Gallipoli Campaign

Constantinople Campaign
Occupation of ConstantinopleFrench general Henri Gouraud arriving in Constantinople, February 27, 1916

October 20, 1915


February 26, 1916


Thrace, Ottoman Empire


Allied Victory

Major battles:

Şarköy; Malkara; Tekirdağ ; Murath; Çorlu; Constantinople


Flag of the United Kingdom United Kingdom
Flag of Australia Australia
British Raj Red Ensign India
Flag of New Zealand New Zealand
Flag of France France

Flag of the Ottoman Empire Ottoman Empire
Flag of the German Empire German Empire
Flag of Austria-Hungary (1869-1918) Austria-Hungary


Flag of the United Kingdom Ian Hamilton
Flag of the United Kingdom Herbert Kitchener
Flag of the United Kingdom John de Robeck
Flag of the United Kingdom Julian Byng
Flag of France Henri Gouraud
Flag of France Maurice Bailloud

Flag of the Ottoman Empire Mehmed V
Flag of the Ottoman Empire Enver Pasha (POW)
Flag of the Ottoman Empire Mehmet Esat Bülkat
Flag of the Ottoman Empire Mehmet Vehib Kaçı
Flag of the Ottoman Empire Mustafa Kemal (POW)


Flag of the United Kingdom 503,000
Flag of France 78,000

Flag of the Ottoman Empire 462,000

Casualties and Losses



The Constantinople Campaign, also known as the Thracian Campaign, took place in the the Thracian region of the Ottoman Empire between October 20, 1915 and February 26, 1916. A military successor to the Gallipoli Campaign, the Constantinople Campaign aimed at securing the Thracian region from the Turks, and taking the capital, Istanbul (Constantinople), allowing supplies lines to the Russian Empire to be reopened.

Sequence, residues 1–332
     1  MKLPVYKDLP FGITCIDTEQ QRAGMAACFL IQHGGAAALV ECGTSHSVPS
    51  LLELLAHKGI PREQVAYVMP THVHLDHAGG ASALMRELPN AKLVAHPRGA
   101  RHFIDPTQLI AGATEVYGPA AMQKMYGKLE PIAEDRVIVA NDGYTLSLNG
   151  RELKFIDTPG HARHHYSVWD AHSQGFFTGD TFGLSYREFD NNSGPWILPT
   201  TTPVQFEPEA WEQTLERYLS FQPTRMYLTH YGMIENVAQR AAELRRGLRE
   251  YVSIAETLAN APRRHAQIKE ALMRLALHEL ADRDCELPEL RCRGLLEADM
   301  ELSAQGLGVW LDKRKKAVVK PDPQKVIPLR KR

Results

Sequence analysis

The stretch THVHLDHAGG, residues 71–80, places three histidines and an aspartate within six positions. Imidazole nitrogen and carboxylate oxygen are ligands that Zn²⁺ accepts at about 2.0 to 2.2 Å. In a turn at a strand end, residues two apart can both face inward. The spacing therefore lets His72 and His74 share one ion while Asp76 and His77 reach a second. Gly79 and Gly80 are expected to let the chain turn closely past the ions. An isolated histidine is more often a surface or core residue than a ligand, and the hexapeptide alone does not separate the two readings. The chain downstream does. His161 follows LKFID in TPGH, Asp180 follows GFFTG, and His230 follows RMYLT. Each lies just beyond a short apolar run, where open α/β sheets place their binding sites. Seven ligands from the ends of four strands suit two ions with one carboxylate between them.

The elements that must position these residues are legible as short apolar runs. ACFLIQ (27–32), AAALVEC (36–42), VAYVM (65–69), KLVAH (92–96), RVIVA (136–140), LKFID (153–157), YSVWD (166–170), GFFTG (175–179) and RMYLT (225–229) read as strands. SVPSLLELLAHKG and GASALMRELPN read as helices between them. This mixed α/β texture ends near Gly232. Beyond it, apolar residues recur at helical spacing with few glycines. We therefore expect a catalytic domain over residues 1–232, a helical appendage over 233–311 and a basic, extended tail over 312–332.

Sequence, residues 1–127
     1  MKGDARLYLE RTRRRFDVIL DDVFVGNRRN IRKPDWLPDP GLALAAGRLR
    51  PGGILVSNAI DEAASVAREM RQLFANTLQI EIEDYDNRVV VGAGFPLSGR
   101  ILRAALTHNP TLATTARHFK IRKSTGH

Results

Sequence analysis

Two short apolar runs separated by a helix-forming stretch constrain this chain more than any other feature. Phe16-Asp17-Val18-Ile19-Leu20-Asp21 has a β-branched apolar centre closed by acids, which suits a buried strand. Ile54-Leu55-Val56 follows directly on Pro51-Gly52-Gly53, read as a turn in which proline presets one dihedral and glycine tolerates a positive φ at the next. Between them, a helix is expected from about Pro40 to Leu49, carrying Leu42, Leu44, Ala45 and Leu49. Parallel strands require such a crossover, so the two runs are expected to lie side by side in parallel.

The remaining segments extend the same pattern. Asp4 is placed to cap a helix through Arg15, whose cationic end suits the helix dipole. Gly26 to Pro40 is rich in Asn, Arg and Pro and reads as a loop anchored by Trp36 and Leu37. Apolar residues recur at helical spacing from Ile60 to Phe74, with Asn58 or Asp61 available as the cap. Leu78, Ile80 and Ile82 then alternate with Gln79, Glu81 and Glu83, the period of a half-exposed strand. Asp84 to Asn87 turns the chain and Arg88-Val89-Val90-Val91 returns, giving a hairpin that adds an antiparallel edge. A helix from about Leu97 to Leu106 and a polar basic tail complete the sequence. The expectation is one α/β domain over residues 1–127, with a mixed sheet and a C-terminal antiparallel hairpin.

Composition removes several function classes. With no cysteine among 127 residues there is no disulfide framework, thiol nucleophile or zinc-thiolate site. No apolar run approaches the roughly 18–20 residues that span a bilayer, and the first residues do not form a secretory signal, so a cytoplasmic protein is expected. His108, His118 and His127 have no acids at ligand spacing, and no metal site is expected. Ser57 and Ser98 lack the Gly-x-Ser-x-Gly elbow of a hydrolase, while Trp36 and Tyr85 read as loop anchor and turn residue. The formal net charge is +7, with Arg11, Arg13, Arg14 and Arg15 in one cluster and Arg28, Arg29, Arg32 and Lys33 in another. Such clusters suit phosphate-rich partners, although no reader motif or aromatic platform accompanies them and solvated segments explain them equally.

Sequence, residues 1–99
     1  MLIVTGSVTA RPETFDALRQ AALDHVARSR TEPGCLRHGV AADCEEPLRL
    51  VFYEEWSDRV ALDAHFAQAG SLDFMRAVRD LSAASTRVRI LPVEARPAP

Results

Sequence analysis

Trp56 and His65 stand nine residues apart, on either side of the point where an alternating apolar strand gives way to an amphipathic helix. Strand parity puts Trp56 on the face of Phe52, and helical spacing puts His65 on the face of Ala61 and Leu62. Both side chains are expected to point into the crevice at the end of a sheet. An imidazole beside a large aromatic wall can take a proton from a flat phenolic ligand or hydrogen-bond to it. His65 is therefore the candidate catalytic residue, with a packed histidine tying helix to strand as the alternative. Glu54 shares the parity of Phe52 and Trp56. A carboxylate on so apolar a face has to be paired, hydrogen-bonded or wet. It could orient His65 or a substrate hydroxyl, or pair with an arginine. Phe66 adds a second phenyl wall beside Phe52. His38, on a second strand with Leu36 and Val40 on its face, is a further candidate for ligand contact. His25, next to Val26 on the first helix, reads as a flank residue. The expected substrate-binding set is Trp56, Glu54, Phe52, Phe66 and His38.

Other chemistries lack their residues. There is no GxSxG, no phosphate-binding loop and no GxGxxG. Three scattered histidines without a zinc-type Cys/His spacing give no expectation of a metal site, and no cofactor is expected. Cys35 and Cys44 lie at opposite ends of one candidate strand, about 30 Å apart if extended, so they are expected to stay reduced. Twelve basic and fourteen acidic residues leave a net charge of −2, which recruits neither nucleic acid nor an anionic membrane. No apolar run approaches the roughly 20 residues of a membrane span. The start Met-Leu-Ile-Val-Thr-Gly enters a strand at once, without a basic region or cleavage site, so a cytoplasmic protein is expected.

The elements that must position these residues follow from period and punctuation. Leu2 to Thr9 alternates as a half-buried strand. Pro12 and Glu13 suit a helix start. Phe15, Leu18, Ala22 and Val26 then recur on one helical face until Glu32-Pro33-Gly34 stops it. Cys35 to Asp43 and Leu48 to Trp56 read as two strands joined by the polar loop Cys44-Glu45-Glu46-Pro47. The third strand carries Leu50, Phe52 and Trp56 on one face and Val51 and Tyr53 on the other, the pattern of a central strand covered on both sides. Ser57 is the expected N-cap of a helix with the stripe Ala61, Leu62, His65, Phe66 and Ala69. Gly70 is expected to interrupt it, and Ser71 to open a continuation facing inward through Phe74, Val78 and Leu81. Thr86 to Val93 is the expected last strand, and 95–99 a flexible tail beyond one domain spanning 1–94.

After the initial victory at Gallipoli, and the subsequent retreat of the Turks back the their capital, the allies moved quickly northward, not wishing to be held down by the trench warfare that caused thousands of casualties during the days at Gallipoli. This progression was furthered following the battle of Çorlu on Christmas day, and the capture of one of the more notable Ottoman commanders, Mustafa Kemal. This victory allowed allied troops to push toward the capital at an even faster rate, and when French troops arrived at the gates of the city on January 3, 1916, the siege of Constantinople had begun.

After one month of brutal fighting around the city, British troops managed to penetrate past Turkish defences, and after five days of mobile fighting back and forth inside the cities walls, Constantinople officially surrendered with the capture of Enver Pasha (the Ottoman minister of war), and the retreat of the Ottoman Sultan Mehmed V. The victory allowed trade routes to be reopened to Russia, and quickened the defeat of the Ottoman empire, which would eventually come on April 9, 1916.